Argentina: Problem and Possibility

Argentina is a curious case of a country. It has been the home of many legendary players, from Alfredo di Stéfano to Diego Armando Maradona. Nowadays, it’s fairly easy to point out important Argentine players in European clubs. The latest Champions League final had the presence of two: Gonzalo Higuaín and Paulo Dybala. In the quarter finals, the rival team had two other Argentinians involved: Javier Mascherano and Lionel Messi, who has gone from Messiah to another godly figure. Other Argentines present in the tournament included Sergio Agüero and Pablo Zabaleta. The latest Europa League champion had Sergio Romero in charge of its goal posts.

It would be safe to say, therefore, that the country has maintained its status of producing world class talent. One might even risk saying that they have a particularly strong case to win the World Cup next year.

The problem is, they don’t.

The Argentinian question

We can’t let go of the fact that the majority of these players have managed to reach three finals back to back: the Brazil 2014 World Cup, the Chile 2015 Copa América, and the special edition Copa América Centenario, held in the United States in 2016. However, they’ve lost all of them, and due to very similar mistakes.

There was a deep sadness in 2014, but mixed with some pride among the general public. Hopes were placed in the following tournament, but were to be diminished as time went by. Messi proved to not just be key, but a need for the team.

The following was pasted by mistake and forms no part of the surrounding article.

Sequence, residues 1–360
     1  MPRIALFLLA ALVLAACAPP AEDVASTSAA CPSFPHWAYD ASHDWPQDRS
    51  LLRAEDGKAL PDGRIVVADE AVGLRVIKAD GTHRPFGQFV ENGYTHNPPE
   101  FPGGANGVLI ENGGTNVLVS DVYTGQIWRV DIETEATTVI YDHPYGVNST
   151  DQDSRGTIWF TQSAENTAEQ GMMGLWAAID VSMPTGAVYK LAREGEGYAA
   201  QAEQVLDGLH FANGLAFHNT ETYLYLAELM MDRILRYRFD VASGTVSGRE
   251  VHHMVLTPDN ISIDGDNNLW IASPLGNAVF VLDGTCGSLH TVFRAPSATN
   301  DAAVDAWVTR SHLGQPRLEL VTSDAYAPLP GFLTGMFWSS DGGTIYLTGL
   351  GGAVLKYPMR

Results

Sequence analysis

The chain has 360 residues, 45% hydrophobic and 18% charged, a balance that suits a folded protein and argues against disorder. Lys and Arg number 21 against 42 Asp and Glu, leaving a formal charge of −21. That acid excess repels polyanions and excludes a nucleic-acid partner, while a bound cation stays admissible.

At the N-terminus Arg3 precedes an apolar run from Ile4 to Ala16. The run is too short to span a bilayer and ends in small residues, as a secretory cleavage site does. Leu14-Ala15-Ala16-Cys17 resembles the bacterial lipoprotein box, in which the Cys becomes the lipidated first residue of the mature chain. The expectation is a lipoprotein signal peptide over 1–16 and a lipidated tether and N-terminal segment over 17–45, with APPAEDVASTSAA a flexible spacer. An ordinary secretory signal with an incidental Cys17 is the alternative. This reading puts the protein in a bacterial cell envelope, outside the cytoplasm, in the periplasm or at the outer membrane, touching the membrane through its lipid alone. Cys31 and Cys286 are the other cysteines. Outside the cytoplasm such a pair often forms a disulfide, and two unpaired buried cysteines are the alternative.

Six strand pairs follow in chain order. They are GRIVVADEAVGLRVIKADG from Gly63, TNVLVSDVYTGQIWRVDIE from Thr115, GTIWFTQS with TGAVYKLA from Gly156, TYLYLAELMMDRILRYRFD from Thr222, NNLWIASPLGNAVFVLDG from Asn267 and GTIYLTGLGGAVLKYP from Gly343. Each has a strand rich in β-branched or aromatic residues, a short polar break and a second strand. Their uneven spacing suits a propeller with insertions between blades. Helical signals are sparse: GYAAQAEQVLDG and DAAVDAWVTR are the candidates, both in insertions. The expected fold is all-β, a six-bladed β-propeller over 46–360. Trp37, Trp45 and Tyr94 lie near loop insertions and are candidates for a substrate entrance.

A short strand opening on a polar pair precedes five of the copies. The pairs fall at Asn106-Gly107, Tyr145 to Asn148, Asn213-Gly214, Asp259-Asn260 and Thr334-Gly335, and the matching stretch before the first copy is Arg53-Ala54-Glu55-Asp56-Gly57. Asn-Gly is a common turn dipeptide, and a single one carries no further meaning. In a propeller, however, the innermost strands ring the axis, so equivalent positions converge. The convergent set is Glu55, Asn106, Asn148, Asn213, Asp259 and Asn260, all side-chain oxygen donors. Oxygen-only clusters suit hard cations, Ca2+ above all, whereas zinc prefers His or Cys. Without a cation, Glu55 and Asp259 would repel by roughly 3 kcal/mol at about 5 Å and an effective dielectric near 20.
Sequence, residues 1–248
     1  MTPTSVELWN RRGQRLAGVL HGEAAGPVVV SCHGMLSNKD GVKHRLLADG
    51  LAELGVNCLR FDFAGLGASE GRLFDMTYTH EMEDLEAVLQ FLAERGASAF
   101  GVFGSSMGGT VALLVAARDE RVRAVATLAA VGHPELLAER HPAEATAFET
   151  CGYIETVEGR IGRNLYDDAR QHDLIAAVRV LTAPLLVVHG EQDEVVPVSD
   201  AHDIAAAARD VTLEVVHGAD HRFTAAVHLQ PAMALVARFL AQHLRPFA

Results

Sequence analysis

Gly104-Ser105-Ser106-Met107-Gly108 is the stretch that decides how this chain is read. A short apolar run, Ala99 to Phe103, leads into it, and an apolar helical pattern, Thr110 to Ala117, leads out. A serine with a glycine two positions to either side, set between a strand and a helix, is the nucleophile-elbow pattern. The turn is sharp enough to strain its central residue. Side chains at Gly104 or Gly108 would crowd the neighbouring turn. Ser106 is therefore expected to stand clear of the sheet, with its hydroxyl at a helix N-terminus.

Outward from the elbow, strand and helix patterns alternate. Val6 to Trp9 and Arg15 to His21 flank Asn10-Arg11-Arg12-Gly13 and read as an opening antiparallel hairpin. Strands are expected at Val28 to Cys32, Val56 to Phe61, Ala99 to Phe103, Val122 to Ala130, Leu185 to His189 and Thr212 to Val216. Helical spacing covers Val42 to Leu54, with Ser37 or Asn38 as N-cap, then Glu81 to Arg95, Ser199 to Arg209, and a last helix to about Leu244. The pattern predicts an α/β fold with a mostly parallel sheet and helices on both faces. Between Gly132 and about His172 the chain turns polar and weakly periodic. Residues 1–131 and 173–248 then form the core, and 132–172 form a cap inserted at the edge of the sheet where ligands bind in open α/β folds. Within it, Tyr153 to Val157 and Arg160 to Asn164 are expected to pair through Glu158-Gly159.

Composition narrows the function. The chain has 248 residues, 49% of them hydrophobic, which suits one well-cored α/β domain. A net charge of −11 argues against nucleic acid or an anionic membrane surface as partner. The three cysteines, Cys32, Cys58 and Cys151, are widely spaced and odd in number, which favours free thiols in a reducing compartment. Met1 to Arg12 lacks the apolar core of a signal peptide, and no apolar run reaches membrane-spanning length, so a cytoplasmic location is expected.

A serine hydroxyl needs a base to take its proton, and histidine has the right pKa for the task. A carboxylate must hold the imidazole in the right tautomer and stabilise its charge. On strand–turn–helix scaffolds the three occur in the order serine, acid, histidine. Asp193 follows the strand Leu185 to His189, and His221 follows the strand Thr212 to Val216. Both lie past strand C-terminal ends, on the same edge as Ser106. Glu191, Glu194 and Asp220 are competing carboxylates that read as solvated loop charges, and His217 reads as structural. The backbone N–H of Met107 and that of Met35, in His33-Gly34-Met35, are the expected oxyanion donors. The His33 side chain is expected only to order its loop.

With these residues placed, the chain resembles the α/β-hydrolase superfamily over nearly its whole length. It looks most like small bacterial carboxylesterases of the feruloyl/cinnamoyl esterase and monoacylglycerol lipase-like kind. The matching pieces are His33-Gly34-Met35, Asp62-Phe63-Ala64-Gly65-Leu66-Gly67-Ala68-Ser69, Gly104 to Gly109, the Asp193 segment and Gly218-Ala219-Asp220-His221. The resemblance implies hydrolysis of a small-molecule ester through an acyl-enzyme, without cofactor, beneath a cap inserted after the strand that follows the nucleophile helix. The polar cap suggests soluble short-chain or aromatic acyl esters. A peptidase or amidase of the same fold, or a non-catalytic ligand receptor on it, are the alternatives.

Every final, whatever good development the team had throughout the tournament disappeared in the final stage, often leaving Messi on his own against the marking of several rival players against Chile. The performative differences between club and national team grew starker by every match, culminating in Messi temporarily quitting the team after the 2016 defeat.

The fault in the authorities

Things weren’t helped by the institutional crisis of the Asociación del Fútbol Argentino (AFA) was facing following the death of Julio Grondona, replacing previous operational corruption with incompetence. FIFA was giving warnings, and the only reason preventing a full intervention or possible disaffiliation was the possibility of having Messi in the World Cup, with all the revenue that would entail, including the possibility of an Argentina-Portugal showdown.